Cumberland Advisors Market Commentary – Impeachment

Author: David R. Kotok, Post Date: October 3, 2019

Impeachment is a political process. We watch it unfold with strenuous claims and counterclaims, as we did with the Nixon and Clinton episodes. We are writing about it because it impacts markets: Political outcomes impact policy, and that is where impeachment intersects markets. With the Clinton debacle, policy was little changed; but with the Nixon outcome, change was huge.

Trump impeachment - market-changing event?

We’ll start by providing readers with a little background on the history of impeachment in the United States, and then examine the current presidential impeachment process and surrounding issues from the perspective of financial markets and investors’ decision-making.

“The House has impeached 19 federal officers. Of these, 15 were federal judges: thirteen district court judges, one court of appeals judge (who also sat on the Commerce Court), and one Supreme Court associate justice. Two were Presidents: Andrew Johnson and Bill Clinton; both were later acquitted by the Senate.” (

“The House of Representatives has initiated impeachment proceedings only 64 times since 1789, only 19 of these proceedings actually resulting in the House’s passing Articles of Impeachment, and of those, only eight resulted in removal from office (all federal judges).” (

Astute readers may notice that the Wikipedia numbers cited above omit two individuals who faced impeachment. These were a US Senator (William Blount, 1797) and a Secretary of War (William Belknap, 1876). (

Senate convictions of presidents have never occurred in US history. When faced with that possible outcome, Richard Nixon resigned before the House could vote on the articles of impeachment and thus before impeachment proceedings reached the Senate.

Impeachment proceedings create uncertainty for market agents. They also distract government. But they run their course in time, and markets normalize after the events.

Impeachment proceedings can alter political outcomes, which can, in turn, change policy; and markets then respond to those policy changes. Polls show that the Americans are deeply divided regarding impeachment, along party lines. It is far too early to say how impeachment proceedings will impact the 2020 election, but we will obviously be watching carefully.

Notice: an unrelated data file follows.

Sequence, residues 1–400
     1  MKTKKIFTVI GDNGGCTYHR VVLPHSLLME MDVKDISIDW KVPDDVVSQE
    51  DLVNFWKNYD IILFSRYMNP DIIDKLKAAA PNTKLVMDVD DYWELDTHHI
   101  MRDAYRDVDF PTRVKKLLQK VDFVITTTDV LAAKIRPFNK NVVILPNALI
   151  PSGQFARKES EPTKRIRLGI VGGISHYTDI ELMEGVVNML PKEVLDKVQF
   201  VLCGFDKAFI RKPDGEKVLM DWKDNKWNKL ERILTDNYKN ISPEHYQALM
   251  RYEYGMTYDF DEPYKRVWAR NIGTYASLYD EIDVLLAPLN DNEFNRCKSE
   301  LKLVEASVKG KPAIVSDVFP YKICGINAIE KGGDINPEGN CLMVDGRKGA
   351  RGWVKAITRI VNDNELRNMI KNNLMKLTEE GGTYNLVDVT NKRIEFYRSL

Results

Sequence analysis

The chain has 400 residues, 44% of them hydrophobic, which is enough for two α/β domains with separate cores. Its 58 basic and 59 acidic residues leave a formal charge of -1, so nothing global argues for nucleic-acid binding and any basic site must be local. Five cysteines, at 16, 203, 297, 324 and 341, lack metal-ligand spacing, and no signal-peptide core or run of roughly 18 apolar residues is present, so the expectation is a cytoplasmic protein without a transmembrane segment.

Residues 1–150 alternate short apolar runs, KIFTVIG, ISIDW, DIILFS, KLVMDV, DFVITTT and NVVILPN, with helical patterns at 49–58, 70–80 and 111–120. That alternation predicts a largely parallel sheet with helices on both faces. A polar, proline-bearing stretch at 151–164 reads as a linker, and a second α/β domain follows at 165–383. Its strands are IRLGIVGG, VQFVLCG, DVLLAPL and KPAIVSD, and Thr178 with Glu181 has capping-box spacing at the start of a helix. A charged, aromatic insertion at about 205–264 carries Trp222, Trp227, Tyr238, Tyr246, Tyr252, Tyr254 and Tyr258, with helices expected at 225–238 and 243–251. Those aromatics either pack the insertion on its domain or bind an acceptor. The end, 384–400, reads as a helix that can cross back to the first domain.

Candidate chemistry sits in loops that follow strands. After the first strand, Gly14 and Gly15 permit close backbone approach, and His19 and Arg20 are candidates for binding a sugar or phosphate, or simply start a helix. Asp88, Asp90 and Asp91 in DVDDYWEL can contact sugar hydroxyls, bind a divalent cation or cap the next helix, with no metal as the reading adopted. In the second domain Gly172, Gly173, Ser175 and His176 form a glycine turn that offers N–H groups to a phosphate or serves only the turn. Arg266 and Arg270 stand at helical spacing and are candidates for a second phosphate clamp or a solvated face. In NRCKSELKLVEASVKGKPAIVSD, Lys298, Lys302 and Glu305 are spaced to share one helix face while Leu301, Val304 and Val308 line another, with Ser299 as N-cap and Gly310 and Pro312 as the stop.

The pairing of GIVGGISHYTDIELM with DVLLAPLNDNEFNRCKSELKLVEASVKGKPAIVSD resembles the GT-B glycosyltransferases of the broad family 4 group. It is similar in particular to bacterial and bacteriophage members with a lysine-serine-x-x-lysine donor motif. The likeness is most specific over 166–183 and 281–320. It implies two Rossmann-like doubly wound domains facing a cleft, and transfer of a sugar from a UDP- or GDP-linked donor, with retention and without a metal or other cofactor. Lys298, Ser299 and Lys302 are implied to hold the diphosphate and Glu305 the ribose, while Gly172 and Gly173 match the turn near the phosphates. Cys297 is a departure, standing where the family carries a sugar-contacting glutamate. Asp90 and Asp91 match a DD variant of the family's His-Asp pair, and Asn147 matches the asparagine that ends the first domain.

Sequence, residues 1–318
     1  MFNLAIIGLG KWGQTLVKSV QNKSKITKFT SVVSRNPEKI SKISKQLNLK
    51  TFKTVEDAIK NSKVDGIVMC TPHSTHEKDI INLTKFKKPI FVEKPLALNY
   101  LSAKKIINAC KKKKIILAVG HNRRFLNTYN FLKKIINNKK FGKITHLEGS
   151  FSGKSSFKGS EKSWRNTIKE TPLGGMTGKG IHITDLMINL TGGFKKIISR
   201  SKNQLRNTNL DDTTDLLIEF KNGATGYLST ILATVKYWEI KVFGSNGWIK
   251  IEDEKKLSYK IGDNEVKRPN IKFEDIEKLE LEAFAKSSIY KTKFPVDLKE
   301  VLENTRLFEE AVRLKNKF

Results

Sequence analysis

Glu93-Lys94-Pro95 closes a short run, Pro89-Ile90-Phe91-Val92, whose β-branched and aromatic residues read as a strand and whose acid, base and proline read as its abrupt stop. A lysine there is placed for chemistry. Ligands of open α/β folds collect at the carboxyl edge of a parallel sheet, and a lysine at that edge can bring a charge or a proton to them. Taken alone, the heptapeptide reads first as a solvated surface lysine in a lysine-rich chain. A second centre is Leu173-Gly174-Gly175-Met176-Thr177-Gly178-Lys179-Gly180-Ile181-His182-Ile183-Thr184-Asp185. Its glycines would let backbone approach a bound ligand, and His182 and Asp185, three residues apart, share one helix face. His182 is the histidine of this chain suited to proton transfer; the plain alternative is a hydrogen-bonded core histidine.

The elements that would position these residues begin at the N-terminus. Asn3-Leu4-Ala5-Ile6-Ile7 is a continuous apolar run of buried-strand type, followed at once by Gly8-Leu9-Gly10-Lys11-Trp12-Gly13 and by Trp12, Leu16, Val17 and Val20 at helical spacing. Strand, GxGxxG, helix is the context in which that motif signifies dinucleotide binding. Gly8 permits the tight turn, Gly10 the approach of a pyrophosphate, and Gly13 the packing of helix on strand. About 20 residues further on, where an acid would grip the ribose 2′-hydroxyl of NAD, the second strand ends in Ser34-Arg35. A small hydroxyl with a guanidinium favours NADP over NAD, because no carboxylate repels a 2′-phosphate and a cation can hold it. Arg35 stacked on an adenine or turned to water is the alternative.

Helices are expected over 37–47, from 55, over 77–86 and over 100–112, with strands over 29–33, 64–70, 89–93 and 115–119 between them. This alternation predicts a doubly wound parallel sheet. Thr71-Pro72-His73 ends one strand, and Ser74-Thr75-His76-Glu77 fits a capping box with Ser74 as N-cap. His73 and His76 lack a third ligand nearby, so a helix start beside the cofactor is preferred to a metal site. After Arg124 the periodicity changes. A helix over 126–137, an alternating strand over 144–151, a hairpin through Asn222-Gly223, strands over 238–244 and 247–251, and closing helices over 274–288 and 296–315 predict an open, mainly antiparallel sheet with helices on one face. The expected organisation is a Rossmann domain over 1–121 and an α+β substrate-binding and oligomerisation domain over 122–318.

(Chart source: “GOP’s Collins Blasts Trump’s ‘Spy’ Comment: Impeachment Update”:

Here is the official text of the whistleblower complaint against Donald Trump, in PDF format:

Intended by the nation’s founders as means to prevent abuses of power, impeachment is also one tool of the political process. For investors, the Trump impeachment issue has to be evaluated as to whether or not it is a market-changing event.

(WSJ, Sept. 29, 2019) “Impeachment’s Role in History: Part Legal Creature, but Mostly Political”:

William A. Galston, a Senior Fellow in Governance Studies at Brookings, suggests that impeachment proceedings against a president, historically speaking, have been influenced by three factors: (1) a president’s approval rating, (2) public support for the impeachment process, and (3) bipartisan support for impeachment in the House of Representatives. Galston looks at what we know about each of these factors today in a must-read analysis, and he suggests that one issue will be whether Americans of both parties have time to assimilate relevant information and formulate opinions grounded in what they learn.
(Brookings, Sept. 27, 2019) “Impeachment and public opinion: Three key indicators to watch”:
Reports this weekend of Sept. 28-29 suggest, however, that things will move quickly in the House.
(USA Today, Sept. 29, 2019) “Nancy Pelosi has put the Trump impeachment inquiry on a fast track. Here’s the plan, timeline and key players”:

In the meantime, past and current news reports address the context and the import of Trump’s call to the Ukraine on July 25 and the White House’s subsequent handling of the records of that call.

(NY Times, May 9, 2019) “Rudy Giuliani Plans Ukraine Trip to Push for Inquiries That Could Help Trump”:

(Bloomberg, Sept. 27, 2019) “Ex-U.S. Attorney Moore Weighs In on the Legal Implications of Trump’s Ukraine Call”:

(Reuters, Sept. 29, 2019) “In pushing probe of rival, did Trump enlist the U.S. government?”:
(WSJ, Sept. 28, 2019) “Embarrassing Leaks Led to Clampdown on Trump’s Phone Records”:

On Sept. 27 former national security adviser Susan Rice acknowledged that the Obama administration moved transcripts of conversations with foreign leaders onto the same top-secret server where the Trump administration stored Trump’s recent phone call with Ukrainian President Zelensky. She stated, however, that calls “were never moved over unless they were legitimately in their contents classified.”

(The Federalist, Sept. 28, 2019) “Susan Rice: Obama Put Call Transcripts On Top Secret Server, Too”:

The system to which the Trump team moved the call with Zelensky is managed by the National Security Council’s Directorate for Intelligence. It stores “codeword-level” intelligence – for instance, intelligence about covert operations or the movement of military assets. Just a few people in the White House and a few in the national security community have access to this codeword-protected server. Thus, says Elaine Kamarck, “… it is surprising that a conversation with President Trump considered appropriate enough to release to the public would have been stored in such a secret place.